Advice:Stay calm and set firm boundaries. Keep busy around these people.

 

The Gossip King or Queen. Always remember that if a person gossips to you, they will gossip about you. Whenever a gossiper is talking casually about others and spreading rumors,  find a way to get out of there. There is so much positivity in the world to focus on the negative. Tell them:  “Is that so,” when prompted for a comment. Or, change the topic.

Damage: Destructive behavior; can cause conflict with others.

Advice:Simply be firm and tell the individual you would rather discuss ideas/topics than potentially hurting other people by gossiping.

 

 The Victim. They are never wrong or at fault. It is always someone else’s fault why they are in a rut. The world is against them. It is the reason for their unhappiness. When you offer a solution, their response is, “Yes, but…” Tell them: “Sorry but there is really somewhere else I need to be right now”.

Damage: Emotionally draining.

Advice: Firm boundaries with them. Be ready to cut the conversation short if you cannot redirect them.

 

The Terrible Listener. They always have something important to say about themselves or about what is happening to them. Communication is a two-way street but with them it is a one way country road. You can never tell them what they are doing wrong because they simply are not listening. Tell them: “I’d love to hear more but I really have some people I need to talk to”.

Damage: Time consuming; emotionally tiring

Advice: Tell them you have other things to do and can not continue with the conversation.

 

The Judge. That is what you are afraid of – their criticisms. These people are quick to tell you what “is” and what “isen’t.” They have a way of taking what you are most passionate about and making you feel bad about it. This type of person will always be around – do not let them drag you down. Think of all that you have achieved and give yourself a pat on the back.

Damage: Emotional damage; reduces your self-confidence

Advice: Stop the conversation.  Create some space from these individuals.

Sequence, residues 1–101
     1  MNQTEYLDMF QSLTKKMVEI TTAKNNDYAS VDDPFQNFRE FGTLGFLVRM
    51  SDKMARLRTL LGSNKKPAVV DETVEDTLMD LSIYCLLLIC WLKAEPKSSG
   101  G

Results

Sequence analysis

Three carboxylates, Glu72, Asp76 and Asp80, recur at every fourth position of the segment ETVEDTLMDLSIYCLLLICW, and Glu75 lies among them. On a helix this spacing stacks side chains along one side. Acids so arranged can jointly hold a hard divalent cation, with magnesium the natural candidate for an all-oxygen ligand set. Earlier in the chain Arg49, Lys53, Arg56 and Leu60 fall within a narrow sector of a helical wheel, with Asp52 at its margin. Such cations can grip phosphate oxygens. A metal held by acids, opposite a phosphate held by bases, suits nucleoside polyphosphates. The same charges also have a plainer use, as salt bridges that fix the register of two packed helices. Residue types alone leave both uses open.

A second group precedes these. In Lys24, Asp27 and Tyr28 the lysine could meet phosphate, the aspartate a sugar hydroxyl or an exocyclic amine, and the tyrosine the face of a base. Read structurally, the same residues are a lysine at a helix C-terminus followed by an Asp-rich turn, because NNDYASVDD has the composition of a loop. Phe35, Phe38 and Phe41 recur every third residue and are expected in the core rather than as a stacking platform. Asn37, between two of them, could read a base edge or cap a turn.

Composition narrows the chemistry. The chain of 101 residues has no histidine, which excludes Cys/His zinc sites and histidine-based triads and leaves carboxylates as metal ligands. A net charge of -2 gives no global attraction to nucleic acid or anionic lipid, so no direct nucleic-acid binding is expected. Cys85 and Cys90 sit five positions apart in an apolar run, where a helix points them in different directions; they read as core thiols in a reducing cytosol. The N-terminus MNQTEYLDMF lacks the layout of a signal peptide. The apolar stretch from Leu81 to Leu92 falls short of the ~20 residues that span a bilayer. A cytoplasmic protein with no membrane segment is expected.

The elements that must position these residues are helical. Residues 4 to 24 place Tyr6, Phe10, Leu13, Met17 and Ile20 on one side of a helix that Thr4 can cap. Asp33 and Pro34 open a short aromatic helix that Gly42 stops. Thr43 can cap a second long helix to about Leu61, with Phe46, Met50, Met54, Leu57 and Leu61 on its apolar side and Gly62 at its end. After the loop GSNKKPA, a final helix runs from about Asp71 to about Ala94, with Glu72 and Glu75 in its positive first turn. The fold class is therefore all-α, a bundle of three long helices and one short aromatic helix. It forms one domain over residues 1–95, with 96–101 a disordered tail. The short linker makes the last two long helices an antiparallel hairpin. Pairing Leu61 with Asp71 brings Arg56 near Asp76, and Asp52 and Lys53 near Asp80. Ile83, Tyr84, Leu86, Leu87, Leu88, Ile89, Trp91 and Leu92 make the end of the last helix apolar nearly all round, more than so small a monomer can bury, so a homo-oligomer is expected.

The Dead Giveaway

You need to be armed with a plan the next time you see them. Identify your realistic expectations prior to your next conversation using the tools above. Knowing how to handle your reactions and your emotions around them will help you tremendously. Again, here are some signs to look for:

They are selfish. They rarely think of others and the best way to know them is to see how they treat other people when they do not have any use for them.

They are right all the time. They don’t listen to you or what you are feeling-no empathy.

They are full of drama.  Everything has to be about them and will throw tantrums like a child if they do not get what they want.

They make you feel “crowded.” They may be too eager to be with you and not give you enough space.

Are always talking about other people. Too much negativity in the world already to want to spend time and share space with these individuals.

They hold grudges. A toxic person holds grudges. They do not know how to forgive and will store all painful memories in their “long term” hard drive. You’ll be amazed at how accurate or exaggerated they can be when giving an account of a wrong done to them.

Other people can wreck so much damage on our emotional and behavioral selves.  While on your road to recovery – the best advice is to be gentle with yourself. You have gone so far, and this is a testimony to better things ahead.